BILINGUAL BALLOTS WORTH EXPLORING

Wilkes-Barre, Times Leader

Thursday, May 28, 2009    Page: 7A

SI, SEÑOR PIAZZA.

Yes, Mr. Piazza, please study the practicality of providing Luzerne County voters with bilingual ballots.

If adding a Spanish version of the ballot isn’t unreasonably costly, the county’s director of elections, Leonard Piazza, should propose the change for all county polling places during elections in 2010 and beyond.

The move, while certain to anger some people, is the right thing to do. Voting defines a democracy. Our right to freely choose our elected leaders is a basic principle, one of the things that historically binds us as a nation, as opposed to, say, a shared dialect.

Already, Spanish-speaking citizens in Luzerne County exercise their voting rights, often with the help of translators who accompany them to the touch-screen voting machines. But many people, in and out of the Latino community, expressed concerns about this buddy method prior to last week’s Pennsylvania primary elections.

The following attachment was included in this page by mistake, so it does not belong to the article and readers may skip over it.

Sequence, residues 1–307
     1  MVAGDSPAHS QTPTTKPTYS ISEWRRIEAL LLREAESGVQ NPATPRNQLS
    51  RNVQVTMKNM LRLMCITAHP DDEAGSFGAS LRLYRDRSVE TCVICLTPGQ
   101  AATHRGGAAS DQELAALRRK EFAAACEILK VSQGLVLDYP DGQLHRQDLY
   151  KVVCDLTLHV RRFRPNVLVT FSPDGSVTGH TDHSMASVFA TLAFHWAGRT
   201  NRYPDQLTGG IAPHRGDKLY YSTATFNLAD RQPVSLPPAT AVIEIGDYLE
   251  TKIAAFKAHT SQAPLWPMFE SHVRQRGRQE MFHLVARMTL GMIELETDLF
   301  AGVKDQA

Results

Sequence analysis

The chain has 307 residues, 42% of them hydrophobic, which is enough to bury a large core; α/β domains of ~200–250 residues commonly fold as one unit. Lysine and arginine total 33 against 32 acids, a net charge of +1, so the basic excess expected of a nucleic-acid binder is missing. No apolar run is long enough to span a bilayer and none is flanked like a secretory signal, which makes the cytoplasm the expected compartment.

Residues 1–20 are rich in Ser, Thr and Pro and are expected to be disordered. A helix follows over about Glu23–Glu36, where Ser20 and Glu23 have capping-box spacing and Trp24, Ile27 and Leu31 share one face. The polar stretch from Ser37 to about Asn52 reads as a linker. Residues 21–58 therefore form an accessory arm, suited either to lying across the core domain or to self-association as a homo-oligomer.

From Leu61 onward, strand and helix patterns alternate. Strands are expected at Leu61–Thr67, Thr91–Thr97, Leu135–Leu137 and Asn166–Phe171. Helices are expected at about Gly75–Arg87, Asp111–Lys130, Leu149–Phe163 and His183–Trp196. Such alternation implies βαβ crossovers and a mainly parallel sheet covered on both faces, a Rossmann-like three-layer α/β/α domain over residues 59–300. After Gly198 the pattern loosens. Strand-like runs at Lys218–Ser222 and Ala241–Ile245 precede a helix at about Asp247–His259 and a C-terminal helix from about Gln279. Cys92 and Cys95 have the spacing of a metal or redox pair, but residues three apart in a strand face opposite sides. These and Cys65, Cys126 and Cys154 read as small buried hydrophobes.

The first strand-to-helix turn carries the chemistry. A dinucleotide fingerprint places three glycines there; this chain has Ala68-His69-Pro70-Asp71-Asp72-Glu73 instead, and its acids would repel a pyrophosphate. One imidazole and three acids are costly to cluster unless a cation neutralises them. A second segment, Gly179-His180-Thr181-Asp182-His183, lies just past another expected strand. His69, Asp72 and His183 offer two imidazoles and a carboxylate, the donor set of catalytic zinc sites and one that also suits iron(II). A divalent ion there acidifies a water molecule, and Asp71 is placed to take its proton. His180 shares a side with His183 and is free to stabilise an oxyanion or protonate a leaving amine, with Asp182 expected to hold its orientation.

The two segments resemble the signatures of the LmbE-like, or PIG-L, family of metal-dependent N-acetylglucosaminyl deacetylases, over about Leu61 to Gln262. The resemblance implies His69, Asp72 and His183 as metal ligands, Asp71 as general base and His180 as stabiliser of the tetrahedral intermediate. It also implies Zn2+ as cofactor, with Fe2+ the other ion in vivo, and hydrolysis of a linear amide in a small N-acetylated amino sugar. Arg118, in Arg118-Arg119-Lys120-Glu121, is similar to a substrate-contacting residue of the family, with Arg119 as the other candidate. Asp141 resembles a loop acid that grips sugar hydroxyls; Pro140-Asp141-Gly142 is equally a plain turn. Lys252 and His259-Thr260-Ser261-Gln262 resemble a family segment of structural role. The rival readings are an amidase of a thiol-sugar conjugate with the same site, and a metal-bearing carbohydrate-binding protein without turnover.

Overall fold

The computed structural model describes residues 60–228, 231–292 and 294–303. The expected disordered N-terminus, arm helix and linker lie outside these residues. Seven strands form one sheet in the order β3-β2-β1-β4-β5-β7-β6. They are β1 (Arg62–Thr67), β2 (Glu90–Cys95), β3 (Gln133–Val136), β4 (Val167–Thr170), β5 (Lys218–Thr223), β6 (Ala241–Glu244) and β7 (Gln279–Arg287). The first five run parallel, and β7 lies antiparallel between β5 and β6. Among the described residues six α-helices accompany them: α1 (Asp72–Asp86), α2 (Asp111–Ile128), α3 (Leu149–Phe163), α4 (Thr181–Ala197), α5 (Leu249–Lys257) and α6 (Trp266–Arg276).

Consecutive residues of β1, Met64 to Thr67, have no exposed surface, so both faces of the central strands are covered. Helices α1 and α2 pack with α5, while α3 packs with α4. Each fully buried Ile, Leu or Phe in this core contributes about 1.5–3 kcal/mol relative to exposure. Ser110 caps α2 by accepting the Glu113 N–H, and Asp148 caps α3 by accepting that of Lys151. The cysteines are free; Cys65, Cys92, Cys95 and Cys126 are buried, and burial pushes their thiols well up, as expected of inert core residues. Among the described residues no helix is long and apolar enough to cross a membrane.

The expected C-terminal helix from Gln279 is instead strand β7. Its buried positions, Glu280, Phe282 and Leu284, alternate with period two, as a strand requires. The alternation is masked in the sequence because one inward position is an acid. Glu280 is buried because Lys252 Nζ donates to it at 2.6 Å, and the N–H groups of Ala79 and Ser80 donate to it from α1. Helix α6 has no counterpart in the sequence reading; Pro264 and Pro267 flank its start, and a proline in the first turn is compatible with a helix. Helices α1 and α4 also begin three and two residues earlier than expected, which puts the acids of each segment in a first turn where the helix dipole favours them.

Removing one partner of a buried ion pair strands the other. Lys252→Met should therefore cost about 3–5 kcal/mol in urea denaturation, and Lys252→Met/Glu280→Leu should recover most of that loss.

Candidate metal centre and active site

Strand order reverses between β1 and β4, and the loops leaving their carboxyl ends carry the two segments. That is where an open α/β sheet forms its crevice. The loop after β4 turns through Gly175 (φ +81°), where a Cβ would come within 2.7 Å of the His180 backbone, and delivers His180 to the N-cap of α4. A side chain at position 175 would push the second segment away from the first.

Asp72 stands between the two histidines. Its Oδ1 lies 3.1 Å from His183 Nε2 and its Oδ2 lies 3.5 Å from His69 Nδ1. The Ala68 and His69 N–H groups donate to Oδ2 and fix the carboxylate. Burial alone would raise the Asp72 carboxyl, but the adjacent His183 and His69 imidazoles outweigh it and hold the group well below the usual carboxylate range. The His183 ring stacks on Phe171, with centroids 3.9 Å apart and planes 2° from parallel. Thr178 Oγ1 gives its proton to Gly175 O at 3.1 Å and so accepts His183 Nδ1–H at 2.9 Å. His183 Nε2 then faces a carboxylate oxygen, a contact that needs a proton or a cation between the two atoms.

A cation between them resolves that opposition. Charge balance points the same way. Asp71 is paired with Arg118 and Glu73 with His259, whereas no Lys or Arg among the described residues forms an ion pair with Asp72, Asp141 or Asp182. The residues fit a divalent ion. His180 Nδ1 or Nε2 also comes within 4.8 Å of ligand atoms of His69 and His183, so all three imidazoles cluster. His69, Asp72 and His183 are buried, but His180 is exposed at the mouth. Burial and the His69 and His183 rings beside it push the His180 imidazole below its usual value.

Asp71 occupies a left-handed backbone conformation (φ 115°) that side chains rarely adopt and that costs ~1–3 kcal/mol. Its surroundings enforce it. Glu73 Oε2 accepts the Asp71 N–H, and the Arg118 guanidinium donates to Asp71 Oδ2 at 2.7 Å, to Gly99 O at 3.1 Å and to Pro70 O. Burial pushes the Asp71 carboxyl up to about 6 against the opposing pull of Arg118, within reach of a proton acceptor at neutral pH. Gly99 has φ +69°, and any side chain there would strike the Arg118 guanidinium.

Certain non-Latino candidates told Piazza they favor a bilingual ballot, he said, because it eliminates the likelihood that a translator who is supposed to simply aid a voter might instead influence his or her picks.

Even so, the dual-language proposal is likely to trouble some people, including those who harbor nativist notions.

English-only proponents might be first to protest a transition to bilingual ballots. After all, they might ask, don’t foreigners need to pass an English exam as part of their naturalization requirements?

In many cases, yes, they do. But will mastery of names such as “White House” and “George Washington” fully prepare people with minimal English skills to read ballot initiatives on topics such as home rule-style government or Pennsylvania’s 2008 sewer bond question: “Do you favor the incurring of indebtedness by the Commonwealth …”?

Besides, even if Luzerne County opts not to supply bilingual ballots next year, it probably will be compelled to do so soon after.

The 1975 Voting Rights Act – renewed by Congress and signed by President George W. Bush in July 2006 – requires precincts with certain percentages of non-English speakers to provide language help. Piazza predicts the pending U.S. Census is likely to trigger the law into effect for parts of Wilkes-Barre and Hazleton.

If so, the Election Bureau will buy software to make bilingual ballots available not just in those places, but rather in the entire county. In other words, it’ll be the whole enchilada.